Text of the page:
ALAP is the largest community-science lake monitoring program in the Adirondack region, run in partnership between AWI and Protect the Adirondacks.
Operating since 1997, community members volunteering through ALAP collect water samples and other data on 90 lakes in the Adirondacks. The results help uncover the impacts of road salt, understand recovery from acidification, and address other challenges to Adirondack lakes.
The recent grant funding expands opportunities for additional community members to contribute toward this effort.
Despite the wide reach and success of ALAP, many of the Adirondacks’ 3,000+ lakes and ponds have not been surveyed for water quality in more than two decades, and some have never been assessed. The lack of long-term data and regular assessments present many challenges to the protection of these important resources.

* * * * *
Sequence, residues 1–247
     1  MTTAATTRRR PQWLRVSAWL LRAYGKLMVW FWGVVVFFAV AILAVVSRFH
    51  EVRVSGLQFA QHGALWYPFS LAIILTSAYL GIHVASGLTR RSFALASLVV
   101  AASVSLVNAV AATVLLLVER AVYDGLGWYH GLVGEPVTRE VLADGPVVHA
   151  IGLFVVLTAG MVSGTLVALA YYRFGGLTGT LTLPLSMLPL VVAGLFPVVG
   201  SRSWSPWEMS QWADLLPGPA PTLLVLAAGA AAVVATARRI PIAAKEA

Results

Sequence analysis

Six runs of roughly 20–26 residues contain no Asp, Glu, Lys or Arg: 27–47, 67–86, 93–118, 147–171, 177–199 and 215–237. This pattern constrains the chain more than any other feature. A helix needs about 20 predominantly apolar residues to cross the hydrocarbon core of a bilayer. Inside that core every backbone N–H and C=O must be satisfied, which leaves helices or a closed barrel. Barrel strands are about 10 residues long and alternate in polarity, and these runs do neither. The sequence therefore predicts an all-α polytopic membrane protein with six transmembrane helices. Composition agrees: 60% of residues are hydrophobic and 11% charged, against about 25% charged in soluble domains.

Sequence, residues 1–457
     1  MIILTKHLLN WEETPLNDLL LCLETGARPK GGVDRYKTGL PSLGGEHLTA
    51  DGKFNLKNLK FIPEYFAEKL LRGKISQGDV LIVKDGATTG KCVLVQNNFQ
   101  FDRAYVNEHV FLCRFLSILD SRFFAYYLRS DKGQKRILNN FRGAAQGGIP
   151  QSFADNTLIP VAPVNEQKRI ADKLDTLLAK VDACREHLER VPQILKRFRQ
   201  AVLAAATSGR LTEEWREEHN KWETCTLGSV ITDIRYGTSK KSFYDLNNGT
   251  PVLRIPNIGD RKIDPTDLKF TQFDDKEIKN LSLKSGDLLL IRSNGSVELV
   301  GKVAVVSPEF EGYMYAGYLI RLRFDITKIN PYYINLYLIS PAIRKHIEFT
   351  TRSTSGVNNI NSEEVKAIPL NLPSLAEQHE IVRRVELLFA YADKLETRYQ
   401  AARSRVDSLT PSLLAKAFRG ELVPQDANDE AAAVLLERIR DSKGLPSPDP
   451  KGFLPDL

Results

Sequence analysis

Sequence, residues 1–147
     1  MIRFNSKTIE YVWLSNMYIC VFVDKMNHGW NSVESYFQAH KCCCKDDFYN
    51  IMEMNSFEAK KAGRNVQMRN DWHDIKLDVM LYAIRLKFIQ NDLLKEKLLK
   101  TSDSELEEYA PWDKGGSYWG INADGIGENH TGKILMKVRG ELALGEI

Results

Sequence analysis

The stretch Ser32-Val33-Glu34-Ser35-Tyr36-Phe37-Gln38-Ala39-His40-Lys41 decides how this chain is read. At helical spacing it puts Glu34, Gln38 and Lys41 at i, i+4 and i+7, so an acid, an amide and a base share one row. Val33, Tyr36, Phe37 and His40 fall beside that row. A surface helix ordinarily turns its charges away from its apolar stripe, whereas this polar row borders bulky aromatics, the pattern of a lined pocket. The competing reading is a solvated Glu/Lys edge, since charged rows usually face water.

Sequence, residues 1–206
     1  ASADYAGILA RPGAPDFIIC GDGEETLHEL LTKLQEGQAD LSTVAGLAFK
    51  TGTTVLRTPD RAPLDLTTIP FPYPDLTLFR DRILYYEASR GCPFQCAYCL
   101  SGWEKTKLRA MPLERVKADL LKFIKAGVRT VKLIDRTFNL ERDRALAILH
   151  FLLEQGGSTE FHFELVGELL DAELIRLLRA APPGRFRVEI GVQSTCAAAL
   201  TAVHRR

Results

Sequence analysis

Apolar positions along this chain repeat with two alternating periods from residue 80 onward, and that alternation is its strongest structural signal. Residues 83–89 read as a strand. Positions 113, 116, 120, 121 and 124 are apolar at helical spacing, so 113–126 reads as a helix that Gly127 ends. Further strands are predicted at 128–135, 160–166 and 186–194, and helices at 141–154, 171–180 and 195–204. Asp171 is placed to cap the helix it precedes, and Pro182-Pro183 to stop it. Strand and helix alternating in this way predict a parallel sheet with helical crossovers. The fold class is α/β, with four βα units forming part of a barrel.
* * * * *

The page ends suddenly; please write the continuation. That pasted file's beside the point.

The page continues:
On the New York side of the Lake Champlain Basin, just 32 lakes are monitored regularly.
AWI and Protect the Adirondacks are recruiting volunteers to help monitor at least an additional twenty lakes within the Lake Champlain Basin. Volunteer training and lake monitoring begin in spring 2022. Funds from the Lake Champlain Basin Program cover monitoring equipment and the first year of lake membership fees.
A map of eligible waterbodies and more information about volunteering can be found online.
Photo of volunteers with the Adirondack Lake Assessment Program collecting data as part of the regional water quality monitoring program courtesy AWI.